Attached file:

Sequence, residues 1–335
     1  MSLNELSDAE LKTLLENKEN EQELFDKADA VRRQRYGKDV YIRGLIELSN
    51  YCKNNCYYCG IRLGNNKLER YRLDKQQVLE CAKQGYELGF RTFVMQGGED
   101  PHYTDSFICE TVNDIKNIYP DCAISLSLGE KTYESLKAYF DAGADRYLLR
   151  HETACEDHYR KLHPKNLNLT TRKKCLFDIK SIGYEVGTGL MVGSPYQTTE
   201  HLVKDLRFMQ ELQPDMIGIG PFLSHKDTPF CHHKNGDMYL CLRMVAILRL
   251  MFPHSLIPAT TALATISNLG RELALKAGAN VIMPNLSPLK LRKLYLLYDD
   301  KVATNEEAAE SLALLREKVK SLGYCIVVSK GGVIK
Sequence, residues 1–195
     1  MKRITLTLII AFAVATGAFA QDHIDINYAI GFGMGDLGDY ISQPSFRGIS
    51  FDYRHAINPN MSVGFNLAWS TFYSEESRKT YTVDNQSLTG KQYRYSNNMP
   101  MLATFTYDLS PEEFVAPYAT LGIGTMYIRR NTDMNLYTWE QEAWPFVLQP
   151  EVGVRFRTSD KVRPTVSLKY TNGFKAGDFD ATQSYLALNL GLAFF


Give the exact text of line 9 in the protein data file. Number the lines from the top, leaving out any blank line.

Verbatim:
Sequence, residues 1–195